A proposal put forth by Prime Minister Stanislav Gross on how to choose his replacement was agreed on Saturday by the top leadership of the Social Democratic party, of which Mr Gross is chairman. His proposal, first announced on Thursday, is to form a "pro-European" government of the three-party coalition including the centre-right Christian Democrats and the Freedom Union parties, with the new prime minister to again be a member of the left-leaning Social Democrats.
The leaders of the other two parties have agreed in principle to the proposal, and to Mr Gross' condition that he have final say over the appointment of new Cabinet ministers, but have bristled at his suggestion that those ministers who have "recently undermined" the old government - taken to mean the five ministers who have resigned from the Cabinet in recent days - not be allowed to return. However, all three parties have reportedly agreed in private that their leaders will not seek key Cabinet posts.
Meanwhile, Mr Gross confirmed on Saturday that the "chief candidate" to fill his shoes is the current Czech ambassador to the European Union, Jan Kohout. The two men had held private talks on Friday about the possibility of Mr Kohout returning from Brussels to head up the new "pro-European" government, a prime task of which would be to push through ratification of the European Constitution.
According to a new poll by the STEM agency, however, the majority of voters are not in favour of the three-party coalition continuing in government. Sixty-one percent of those polled said would prefer for early elections to be held instead. When asked who should be the next prime minister, given that the coalition parties have agreed it will be a Social Democrat party member, 28 percent named the current Minister of Finance, Bohuslav Sobotka, as their choice, 18 percent said Zdenek Skromach, who is the minister of Labour and Social Affairs, while only 17 percent said they thought Stanislav Gross should remain in his post.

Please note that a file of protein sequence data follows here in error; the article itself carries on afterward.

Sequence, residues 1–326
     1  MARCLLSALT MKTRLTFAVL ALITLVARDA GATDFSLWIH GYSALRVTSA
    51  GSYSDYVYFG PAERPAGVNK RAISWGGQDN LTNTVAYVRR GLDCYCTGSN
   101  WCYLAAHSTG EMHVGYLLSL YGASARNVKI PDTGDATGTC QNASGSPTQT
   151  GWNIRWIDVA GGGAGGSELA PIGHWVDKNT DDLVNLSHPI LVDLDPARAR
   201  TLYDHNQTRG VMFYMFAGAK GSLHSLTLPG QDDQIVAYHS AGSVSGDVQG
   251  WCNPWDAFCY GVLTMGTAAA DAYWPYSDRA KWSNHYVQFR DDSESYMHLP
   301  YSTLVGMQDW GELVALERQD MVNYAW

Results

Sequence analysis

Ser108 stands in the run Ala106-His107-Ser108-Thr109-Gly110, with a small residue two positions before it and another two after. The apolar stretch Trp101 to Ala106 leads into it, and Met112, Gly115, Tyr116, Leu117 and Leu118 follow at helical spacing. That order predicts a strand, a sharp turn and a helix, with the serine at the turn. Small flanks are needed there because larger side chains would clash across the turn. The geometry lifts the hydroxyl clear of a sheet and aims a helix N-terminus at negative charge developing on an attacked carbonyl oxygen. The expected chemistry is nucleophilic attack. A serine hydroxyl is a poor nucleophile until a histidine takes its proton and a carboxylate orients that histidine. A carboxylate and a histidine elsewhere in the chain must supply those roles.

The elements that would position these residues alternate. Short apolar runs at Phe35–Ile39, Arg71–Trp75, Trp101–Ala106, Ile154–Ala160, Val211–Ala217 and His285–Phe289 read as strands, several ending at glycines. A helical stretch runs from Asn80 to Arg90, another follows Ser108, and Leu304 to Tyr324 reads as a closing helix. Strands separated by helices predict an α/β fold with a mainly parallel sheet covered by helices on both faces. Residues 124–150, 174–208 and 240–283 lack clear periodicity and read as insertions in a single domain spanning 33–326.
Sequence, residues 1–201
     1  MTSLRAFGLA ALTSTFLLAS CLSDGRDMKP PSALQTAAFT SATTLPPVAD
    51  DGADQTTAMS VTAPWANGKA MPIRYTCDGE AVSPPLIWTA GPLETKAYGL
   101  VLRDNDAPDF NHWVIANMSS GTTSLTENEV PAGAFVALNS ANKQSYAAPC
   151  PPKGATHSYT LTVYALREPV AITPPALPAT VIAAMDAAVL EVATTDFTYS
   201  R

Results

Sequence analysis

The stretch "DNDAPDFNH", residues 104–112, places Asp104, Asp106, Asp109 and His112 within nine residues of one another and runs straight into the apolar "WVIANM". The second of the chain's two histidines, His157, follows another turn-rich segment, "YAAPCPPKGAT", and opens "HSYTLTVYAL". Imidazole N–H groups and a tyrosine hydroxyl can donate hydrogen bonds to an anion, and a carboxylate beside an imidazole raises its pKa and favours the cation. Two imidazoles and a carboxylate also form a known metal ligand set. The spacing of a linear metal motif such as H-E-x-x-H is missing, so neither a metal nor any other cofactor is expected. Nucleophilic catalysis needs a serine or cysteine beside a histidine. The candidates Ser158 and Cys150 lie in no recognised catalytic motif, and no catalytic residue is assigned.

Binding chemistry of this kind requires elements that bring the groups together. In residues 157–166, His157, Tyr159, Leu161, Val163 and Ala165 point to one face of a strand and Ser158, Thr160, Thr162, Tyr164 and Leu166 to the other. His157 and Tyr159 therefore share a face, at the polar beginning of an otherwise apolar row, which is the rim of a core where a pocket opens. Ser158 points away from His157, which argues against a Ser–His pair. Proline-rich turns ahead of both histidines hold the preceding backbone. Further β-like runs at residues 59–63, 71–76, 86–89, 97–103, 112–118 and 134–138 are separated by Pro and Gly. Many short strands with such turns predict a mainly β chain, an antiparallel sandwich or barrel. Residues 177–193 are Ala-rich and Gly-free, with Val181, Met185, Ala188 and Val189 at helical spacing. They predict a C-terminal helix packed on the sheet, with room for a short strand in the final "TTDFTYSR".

Another opinion poll just released by the CVVM agency suggests Mr Gross's Social Democrats, with 14.5 percent support, would come third in general elections. The right-of-centre Civic Democrats have 31 percent support, followed by the Communist Party with 15.5 percent.
On the occasion of the 'International Day of Roma', Czech Roma leaders on Friday issued a renewed call for the removal of a pig farm at the site of World War II labour camp where thousands of Roma, also known as Gypsies, were interred, and several hundred died. Roma activist Ondrej Gina said that the new petition would demand that Czech authorities separate off a memorial to those who died at Lety camp from the pig farm, which was built under communism in the 1970s. Only one in 20 Czech Roma survived the war. The petitioners say the presence of the pig farm at Lety is an insult to the memory of those who were killed.
Light rain remains in the forecast for the next few days, with daytime highs in the low teens.
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